The overall assembly 10 is configured to be placed on a surface or attached or hung from a point such that an upright axis “U” as shown is substantially aligned with a gravity vector ‘g’, the direction of axis U pointing to the upwards or ‘upright’ orientation of the device 10. Upright axis U is coincident with an upright plane “P” which is coplanar with the span of face plate 26. Upright plane P thus generally denotes the plane of orientation of the major dimensional axes of the assembly, and is parallel to face plate 26.

FIG. 2 is a top view of the assembly shown in FIG. 1. After the collection module 12 and flow control module 16 are aligned in the direction of arrows “A” to be positioned right next to one another, the flow coupling 22 is attached or coupled, permanently or detachably, to the collection module 12 through the flow exit port 14 with tubular extension 22a, and to the flow control module 16 through flow entry port 18 with tubular extension 22b. Thus, fluid or pressure communication, or a flow pathway, is established between the collection chamber inside of the collection module 12 and the flow pathways inside of flow control module 16.

FIG. 3 is a perspective cut-out view of a flow coupling according to an embodiment of the present invention. Coupling 22 includes an intake port 100 adapted to couple to a first flow chamber in a chest drainage assembly. As used herein, the term “flow chamber” shall mean any space or pathway where fluids can collect or flow, such as a fluid collection chamber in collection module 12, or a flow pathway in flow control module 16. In the embodiment of FIG. 3, intake port 100 is configured to fit into and couple with exit port 14 on the collection module 12. The flow coupling 22 further includes an exit port 102 adapted to couple to a second flow chamber, this flow chamber being disposed inside the flow control module 16 via the entry port 18 defined therein. The anti-spillover flow coupling 22 has a valve axis “V” aligned in the direction of the upright axis U shown in FIG. 1, when the intake port 22a, 100, and exit port 22b, 102 are coupled to the chest drainage assembly 10.

The flow coupling 22 in FIG. 3 can further include a valve element or mechanism labeled generally as 110, disposed in an interior space 112 of the flow coupling 22 between the intake port 100 and exit port 102. The valve element 112 can include a spherical a ball member 114 (shown with dotted lines in FIG. 3) as well as a valve seat 116 disposed above the ball member 114 along the valve axis V. When in an open position, the ball member 114 rests near the bottom 120 of the flow coupling 22, such that a free flow passageway between the intake port 100 and exit port 102 is present through the interior space 112 to place the first and second flow chambers of the chest drainage assembly to which the coupling is attached in fluid communication. This free flow passageway runs: (i) from intake port 100, (ii) through a gap 124 defined by a rib element 126 inside the flow coupling 22, (iii) through the space shown in FIG. 3 surrounding the ball member 114 when said ball member is lying at near the bottom 120, (iv) through the open valve seat 116, and then out through exit port 102.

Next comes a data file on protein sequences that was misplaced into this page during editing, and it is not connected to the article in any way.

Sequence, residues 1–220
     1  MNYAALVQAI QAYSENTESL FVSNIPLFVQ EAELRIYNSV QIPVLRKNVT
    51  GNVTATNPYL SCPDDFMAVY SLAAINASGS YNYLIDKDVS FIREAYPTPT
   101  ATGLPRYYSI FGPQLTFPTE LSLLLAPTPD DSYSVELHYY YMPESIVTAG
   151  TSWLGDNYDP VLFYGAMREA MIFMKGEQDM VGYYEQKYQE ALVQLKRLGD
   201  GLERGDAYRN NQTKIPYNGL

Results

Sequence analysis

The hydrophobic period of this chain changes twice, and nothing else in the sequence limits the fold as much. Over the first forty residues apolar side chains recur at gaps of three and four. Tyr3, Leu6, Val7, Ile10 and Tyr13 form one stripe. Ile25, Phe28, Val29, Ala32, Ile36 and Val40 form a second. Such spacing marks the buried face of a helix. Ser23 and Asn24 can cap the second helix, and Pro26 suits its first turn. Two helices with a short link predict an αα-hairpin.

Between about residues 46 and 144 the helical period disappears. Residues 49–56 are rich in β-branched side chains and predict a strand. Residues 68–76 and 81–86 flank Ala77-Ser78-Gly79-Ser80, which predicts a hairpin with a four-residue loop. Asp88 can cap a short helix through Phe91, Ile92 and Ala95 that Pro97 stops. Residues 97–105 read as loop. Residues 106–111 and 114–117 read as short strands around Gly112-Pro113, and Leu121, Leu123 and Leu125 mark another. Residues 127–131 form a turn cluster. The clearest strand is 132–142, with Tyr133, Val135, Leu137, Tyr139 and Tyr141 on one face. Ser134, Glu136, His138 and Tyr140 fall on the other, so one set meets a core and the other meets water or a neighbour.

The flow coupling 22 includes a ‘bottom’ portion or edge 120 and a ‘top’ portion or edge 130, as oriented relative to the valve axis V. The valve element 110 functions to be in the open position when the valve axis vector V is aligned substantially opposite to the vector of the direction of gravity g as shown in FIG. 3. This is due to structure of the valve element 110 which defines a plurality of sloping surfaces 132, 134, 136 surrounding the ball member 114 below the valve seat 116, each of the sloping surfaces having a first end proximate the bottom 120 and a second end more proximate the valve seat 116 as shown in FIG. 3. An additional sloping surface is disposed on a backing (not shown due to cut-out view of FIG. 3) next to the ball member 114 so that the sloping surfaces surround the ball member 114 on four perpendicular sides. The surface 132 and that of the backing are oriented to diverge away from the valve axis V as they extend from the bottom 120 towards the valve seat. Thus, when the chest drainage assembly 10, and hence flow coupling 22, is tipped over on its face plate 26, such that the upright plane P, and hence valve axis V, makes an angle with the gravity vector, the ball member 114 is urged by gravity to roll along the surface 132 towards the valve seat 116 to thereby close the valve mechanism 110. This angle relative to the direction of gravity can vary at can be at least 90 degrees, or more, depending on whether a floor stand perpendicular to the upright plane is attached to the overall assembly 10 such that when the assembly is tipped over the face plate 26 forms an angle of more than 90 degrees with gravity. The sloping surface in the backing (not shown, directly opposite the surface 132 on the other side of the ball member 114) also diverges from the valve axis V as it extends towards the valve seat, such that if the assembly 10 were to be tipped over on its back surface opposite the face plate 26, the same gravity-driven closing mechanism would be triggered.